The reception of Shah's movement was also marked by controversy. Some orientalists were hostile, in part because Shah presented classical Sufi writings as tools for self-development to be used by contemporary people, rather than as objects of historical study. L. P. Elwell-Sutton from Edinburgh University, Shah's fiercest critic, described his books as "trivial", replete with errors of fact, slovenly and inaccurate translations and even misspellings of Oriental names and words – "a muddle of platitudes, irrelevancies and plain mumbo-jumbo", adding for good measure that Shah had "a remarkable opinion of his own importance". He took a dim view of Rushbrook Williams' festschrift in honour of Shah, saying he considered many of the claims made in the book on behalf of Shah and his father, concerning their representing the Sufi tradition, to be self-serving publicity marked by a "disarming disregard for facts". Expressing amusement and amazement at the "sycophantic manner" of Shah's interlocutors in a BBC radio interview, Elwell-Sutton concluded that some Western intellectuals were "so desperate to find answers to the questions that baffle them, that, confronted with wisdom from 'the mysterious East,' they abandon their critical faculties and submit to brainwashing of the crudest kind". To Elwell-Sutton, Shah's Sufism belonged to the realm of "Pseudo-Sufism", "centred not on God but on man."
Another hostile critic was James Moore, a Gurdjieffian who disagreed with Shah's assertion that Gurdjieff's teaching was essentially sufic in nature and took exception to the publication of a chronologically impossible, pseudonymous book on the matter (The Teachers of Gurdjieff by Rafael Lefort) that was linked to Shah. In a 1986 article in Religion Today (now the Journal of Contemporary Religion), Moore covered the Bennett and Graves controversies and noted that Shah was surrounded by a "nimbus of exorbitant adulation: an adulation he himself has fanned". He described Shah as supported by a "coterie of serviceable journalists, editors, critics, animators, broadcasters, and travel writers, which gamely choruses Shah's praise". Moore questioned Shah's purported Sufi heritage and upbringing and deplored the body of pseudonymous "Shah-school" writings from such authors as "Omar Michael Burke Ph. D." and "Hadrat B. M. Dervish", who from 1960 heaped intemperate praise – ostensibly from disinterested parties – on Shah, referring to him as the "Tariqa Grand Sheikh Idries Shah Saheb", "Prince Idries Shah", "King Enoch", "The Presence", "The Studious King", the "Incarnation of Ali", and even the Qutb or "Axis" – all in support of Shah's incipient efforts to market Sufism to a Western audience.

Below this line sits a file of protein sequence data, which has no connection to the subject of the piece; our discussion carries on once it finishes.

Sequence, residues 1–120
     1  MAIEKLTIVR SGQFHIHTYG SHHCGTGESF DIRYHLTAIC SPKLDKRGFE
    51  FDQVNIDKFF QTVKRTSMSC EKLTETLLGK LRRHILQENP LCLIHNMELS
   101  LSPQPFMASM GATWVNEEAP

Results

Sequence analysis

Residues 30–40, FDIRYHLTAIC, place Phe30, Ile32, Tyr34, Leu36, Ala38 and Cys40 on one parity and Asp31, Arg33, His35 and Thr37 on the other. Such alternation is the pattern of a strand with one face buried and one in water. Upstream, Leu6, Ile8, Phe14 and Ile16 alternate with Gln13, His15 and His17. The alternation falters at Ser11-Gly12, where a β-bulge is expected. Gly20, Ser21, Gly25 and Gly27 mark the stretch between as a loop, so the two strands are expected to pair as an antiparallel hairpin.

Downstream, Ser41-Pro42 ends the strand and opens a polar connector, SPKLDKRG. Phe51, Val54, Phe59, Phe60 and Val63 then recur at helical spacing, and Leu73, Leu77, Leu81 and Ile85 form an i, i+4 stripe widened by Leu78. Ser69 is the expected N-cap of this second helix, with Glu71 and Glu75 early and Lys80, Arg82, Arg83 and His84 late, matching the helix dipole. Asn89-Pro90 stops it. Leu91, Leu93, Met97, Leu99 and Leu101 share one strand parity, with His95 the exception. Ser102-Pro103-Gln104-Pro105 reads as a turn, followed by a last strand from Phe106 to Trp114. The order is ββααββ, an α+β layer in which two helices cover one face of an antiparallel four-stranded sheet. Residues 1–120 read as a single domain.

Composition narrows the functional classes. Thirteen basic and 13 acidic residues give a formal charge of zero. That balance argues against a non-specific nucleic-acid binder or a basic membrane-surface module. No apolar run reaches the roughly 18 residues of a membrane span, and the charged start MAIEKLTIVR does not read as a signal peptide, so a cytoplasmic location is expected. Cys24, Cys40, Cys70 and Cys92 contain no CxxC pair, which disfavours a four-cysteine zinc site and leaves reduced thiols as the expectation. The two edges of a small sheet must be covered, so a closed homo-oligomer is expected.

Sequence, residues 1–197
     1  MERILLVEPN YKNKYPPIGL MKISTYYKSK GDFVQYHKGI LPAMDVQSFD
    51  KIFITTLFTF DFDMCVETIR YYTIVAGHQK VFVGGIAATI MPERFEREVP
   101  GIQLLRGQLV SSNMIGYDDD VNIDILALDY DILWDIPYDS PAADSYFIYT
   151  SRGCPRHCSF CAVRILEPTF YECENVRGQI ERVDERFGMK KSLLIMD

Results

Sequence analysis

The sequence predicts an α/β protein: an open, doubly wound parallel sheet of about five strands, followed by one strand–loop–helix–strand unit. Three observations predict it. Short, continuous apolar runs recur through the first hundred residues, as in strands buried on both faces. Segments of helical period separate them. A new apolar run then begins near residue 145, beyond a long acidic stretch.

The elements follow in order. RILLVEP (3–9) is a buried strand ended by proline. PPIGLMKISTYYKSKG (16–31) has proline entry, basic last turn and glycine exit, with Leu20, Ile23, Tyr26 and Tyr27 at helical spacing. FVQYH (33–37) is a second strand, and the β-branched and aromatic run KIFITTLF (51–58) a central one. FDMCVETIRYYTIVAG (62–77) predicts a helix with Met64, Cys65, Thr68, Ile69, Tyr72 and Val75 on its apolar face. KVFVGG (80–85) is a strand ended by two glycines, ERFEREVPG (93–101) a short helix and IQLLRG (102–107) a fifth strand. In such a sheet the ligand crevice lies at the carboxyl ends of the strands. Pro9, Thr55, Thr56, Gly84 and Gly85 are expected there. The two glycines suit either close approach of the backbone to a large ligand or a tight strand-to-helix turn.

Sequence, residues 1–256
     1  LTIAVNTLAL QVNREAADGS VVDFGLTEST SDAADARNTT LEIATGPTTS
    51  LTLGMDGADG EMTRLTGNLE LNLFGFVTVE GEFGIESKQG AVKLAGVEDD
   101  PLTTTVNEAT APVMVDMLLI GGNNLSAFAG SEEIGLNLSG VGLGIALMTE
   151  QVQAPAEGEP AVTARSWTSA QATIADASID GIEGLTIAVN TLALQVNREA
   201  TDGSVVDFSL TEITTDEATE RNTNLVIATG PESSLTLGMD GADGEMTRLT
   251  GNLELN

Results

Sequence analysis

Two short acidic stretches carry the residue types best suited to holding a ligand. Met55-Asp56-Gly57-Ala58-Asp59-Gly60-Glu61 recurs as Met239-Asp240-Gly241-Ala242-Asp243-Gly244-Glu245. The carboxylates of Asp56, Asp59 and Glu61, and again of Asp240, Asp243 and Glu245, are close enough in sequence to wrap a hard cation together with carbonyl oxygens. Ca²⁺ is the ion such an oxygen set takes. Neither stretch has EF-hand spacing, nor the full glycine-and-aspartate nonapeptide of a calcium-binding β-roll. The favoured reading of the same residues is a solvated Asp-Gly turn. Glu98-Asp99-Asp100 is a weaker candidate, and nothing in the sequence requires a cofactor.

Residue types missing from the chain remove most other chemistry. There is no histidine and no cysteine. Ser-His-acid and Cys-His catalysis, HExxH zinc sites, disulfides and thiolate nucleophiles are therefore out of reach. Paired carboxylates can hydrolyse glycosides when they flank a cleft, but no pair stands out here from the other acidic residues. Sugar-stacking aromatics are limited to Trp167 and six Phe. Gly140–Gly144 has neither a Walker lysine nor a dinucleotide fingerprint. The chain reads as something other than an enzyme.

Peter Wilson similarly commented on the "very poor quality" of much that had been written in Shah's support, noting an "unfortunately fulsome style", claims that Shah possessed various paranormal abilities, "a tone of superiority; an attitude, sometimes smug, condescending, or pitying, towards those 'on the outside', and the apparent absence of any motivation to substantiate claims which might be thought to merit such treatment". In his view, there was a "marked difference in quality between Shah's own writings" and the quality of this secondary literature. Both Moore and Wilson, however, also noted similarities in style, and considered the possibility that much of this pseudonymous work, frequently published by Octagon Press, Shah's own publishing house, might have been written by Shah himself.
Arguing for an alternative interpretation of this literature, the religious scholar Andrew Rawlinson proposed that rather than a "transparently self-serving [...] deception", it may have been a "masquerade – something that by definition has to be seen through". Stating that "a critique of entrenched positions cannot itself be fixed and doctrinal", and noting that Shah's intent had always been to undermine false certainties, he argued that the "Shah myth" created by these writings may have been a teaching tool, rather than a tool of concealment; something "made to be deconstructed – that is supposed to dissolve when you touch it". Rawlinson concluded that Shah "cannot be taken at face value. His own axioms preclude the very possibility."
Doris Lessing, one of Shah's greatest defenders, stated in a 1981 interview: "I found Sufism as taught by Idries Shah, which claims to be the reintroduction of an ancient teaching, suitable for this time and this place. It is not some regurgitated stuff from the East or watered-down Islam or anything like that." In 1996, commenting on Shah's death in The Daily Telegraph, she stated that she met Shah because of The Sufis, which was to her the most surprising book she had read, and a book that changed her life. Describing Shah's œuvre as a "phenomenon like nothing else in our time", she characterised him as a many-sided man, the wittiest person she ever expected to meet, kind, generous, modest ("Don't look so much at my face, but take what is in my hand", she quotes him as saying), and her good friend and teacher for 30-odd years.